– Soya sauce: A peek at the condiment aisle of a Toronto grocery store reveals most of the big brands make their soya sauce in China, so they’re exempt from the tariffs placed on U.S. producers.
– Ketchup and tomato sauce: Even though both French’s and Heinz are American companies, some Canadians began to shift their ketchup purchases towards French’s, which produces its ketchup at Ontario plants, after Pennsylvania-based Kraft Heinz vacated its Leamington, Ont. facility and moved to Freemont, Ohio in 2014. For those who are new to ketchup politics, some companies have started to include country of origin information on their labels.
– Mayonnaise, salad dressing and mixed condiments: The Canadian Press took a peek at these products at stores and found most lacked country of origin labels. Kraft Heinz, which commands the lion’s share of shelf space for such products, did not respond to a request for details about where they are produced.
– Cucumbers and gherkins: Canadian-grown cucumbers are available year-round, but are more expensive and less plentiful in the winter months, says Joseph Sbrocchi, the general manager of the Ontario Greenhouse Vegetable Growers. Homegrown gherkins are also easy to find as most grocers or farmers label and advertise where their vegetables are grown.
– Licorice candy: The tariffs are bad news for licorice lovers. Most licorice comes from one or two plants in Pennsylvania and aren’t likely to be made with Canadian ingredients, says von Massow. “You will probably have to switch from your favourite,” he says. “There are no Canadian Twizzlers to my understanding, so you’ll have to go to another product, candy or treat to buy in Canada.”
– Toffee: Hershey’s said it makes some toffee candies under its Allan label in Canada. The Canadian Press couldn’t find any other toffees labelled as made in Canada in Toronto grocery stores.
– Chocolate in blocks, slabs or bars: Canada doesn’t grow cocoa for chocolate, but there are companies that produce chocolate bars, blocks and slabs domestically. Hershey’s said its Brookside Dark Chocolate products are made in Canada, and Canadian chocolatier Purdy’s makes all of its chocolates in Vancouver, B.C.
– Other sugar confectionery: Canada produces and refines some sugar within the country using imported ingredients or from sugar beets that are grown domestically, but that doesn’t account for all of the sugar on the Canadian market, says von Massow.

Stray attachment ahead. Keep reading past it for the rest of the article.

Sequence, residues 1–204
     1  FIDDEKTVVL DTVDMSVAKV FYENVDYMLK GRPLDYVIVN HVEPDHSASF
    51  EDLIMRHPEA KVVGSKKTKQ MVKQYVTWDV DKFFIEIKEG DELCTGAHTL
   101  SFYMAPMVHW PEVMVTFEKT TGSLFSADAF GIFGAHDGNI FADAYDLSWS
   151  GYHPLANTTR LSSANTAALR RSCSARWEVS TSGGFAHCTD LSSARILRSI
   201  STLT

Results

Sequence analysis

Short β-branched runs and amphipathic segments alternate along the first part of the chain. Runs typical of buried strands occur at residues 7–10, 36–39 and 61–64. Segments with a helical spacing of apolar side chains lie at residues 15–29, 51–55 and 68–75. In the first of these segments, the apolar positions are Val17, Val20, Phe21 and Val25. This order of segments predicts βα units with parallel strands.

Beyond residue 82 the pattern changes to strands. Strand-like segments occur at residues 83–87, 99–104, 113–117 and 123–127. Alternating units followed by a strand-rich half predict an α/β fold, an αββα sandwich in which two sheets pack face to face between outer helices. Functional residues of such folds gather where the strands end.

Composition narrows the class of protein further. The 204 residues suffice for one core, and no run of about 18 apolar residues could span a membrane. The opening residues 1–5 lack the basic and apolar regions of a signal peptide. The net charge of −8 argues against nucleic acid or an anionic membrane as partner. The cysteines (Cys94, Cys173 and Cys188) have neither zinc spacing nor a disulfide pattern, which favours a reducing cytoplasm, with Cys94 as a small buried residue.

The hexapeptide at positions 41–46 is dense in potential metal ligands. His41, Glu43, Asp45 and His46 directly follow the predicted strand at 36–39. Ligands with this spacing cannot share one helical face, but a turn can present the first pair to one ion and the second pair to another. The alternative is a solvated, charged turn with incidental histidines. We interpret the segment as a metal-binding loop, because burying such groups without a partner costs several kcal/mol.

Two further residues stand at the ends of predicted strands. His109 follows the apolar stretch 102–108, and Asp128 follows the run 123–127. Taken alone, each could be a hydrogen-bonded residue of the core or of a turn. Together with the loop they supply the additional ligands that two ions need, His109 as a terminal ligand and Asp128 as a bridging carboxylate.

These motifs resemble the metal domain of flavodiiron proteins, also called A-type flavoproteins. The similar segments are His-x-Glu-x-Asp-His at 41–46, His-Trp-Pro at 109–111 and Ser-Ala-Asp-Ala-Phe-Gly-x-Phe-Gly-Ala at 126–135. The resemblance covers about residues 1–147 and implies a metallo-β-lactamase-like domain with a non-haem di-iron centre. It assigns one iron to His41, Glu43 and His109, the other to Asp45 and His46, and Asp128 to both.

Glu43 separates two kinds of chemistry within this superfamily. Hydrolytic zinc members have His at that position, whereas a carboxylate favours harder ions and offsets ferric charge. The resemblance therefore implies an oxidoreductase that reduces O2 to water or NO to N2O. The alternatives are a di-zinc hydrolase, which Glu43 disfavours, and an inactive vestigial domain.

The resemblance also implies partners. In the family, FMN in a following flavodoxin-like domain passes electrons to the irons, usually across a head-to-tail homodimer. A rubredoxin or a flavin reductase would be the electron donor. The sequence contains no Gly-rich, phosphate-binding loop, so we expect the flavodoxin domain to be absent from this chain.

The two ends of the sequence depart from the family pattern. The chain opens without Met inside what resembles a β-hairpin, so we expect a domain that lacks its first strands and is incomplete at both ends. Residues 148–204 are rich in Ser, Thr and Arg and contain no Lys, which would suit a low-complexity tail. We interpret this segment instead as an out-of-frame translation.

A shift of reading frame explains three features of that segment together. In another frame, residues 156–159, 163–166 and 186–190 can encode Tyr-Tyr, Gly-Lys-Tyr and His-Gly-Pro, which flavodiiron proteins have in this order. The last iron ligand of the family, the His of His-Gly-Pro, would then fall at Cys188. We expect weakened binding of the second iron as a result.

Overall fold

Fridge and freezer:
– Prepared meals of spent fowl (hens raised to lay eggs, which are processed for meat when their productivity declines), pizza and quiche: These products are a bit tricky because they often use several ingredients and don’t list where each is sourced from. If the product relies on seasonal ingredients, like fruits or vegetables, it is possible it is made with Canadian ingredients for only part of the year. “A lot of times it will say ‘manufactured for’ and have a Canadian company, but that doesn’t mean it is manufactured in Canada,” says von Massow. “The only way to know for sure is to ask.”
– Soups and broths: Soups and broths are a set of items that experts say can shift where they’re made based on the seasonality of ingredients. However, industry giant Campbell Company of Canada said its soups and broths are made at a manufacturing plant in Etobicoke, Ont. and labelled as such. The Etobicoke plant is slated to be shut down soon, making way for a new facility to open in Mississauga Ont., in 2019.
-Toilet paper and serviettes: Plenty of big-name toilet paper companies produce their products at paper mills south of the border, but produce them in Canada. The best way to find out where its produced is to call the company. Kruger’s CEO said virtually all of its Cashmere and Purex products are made at plants in B.C. and Quebec and Cascades does its manufacturing in Quebec.
Tara Deschamps, The Canadian Press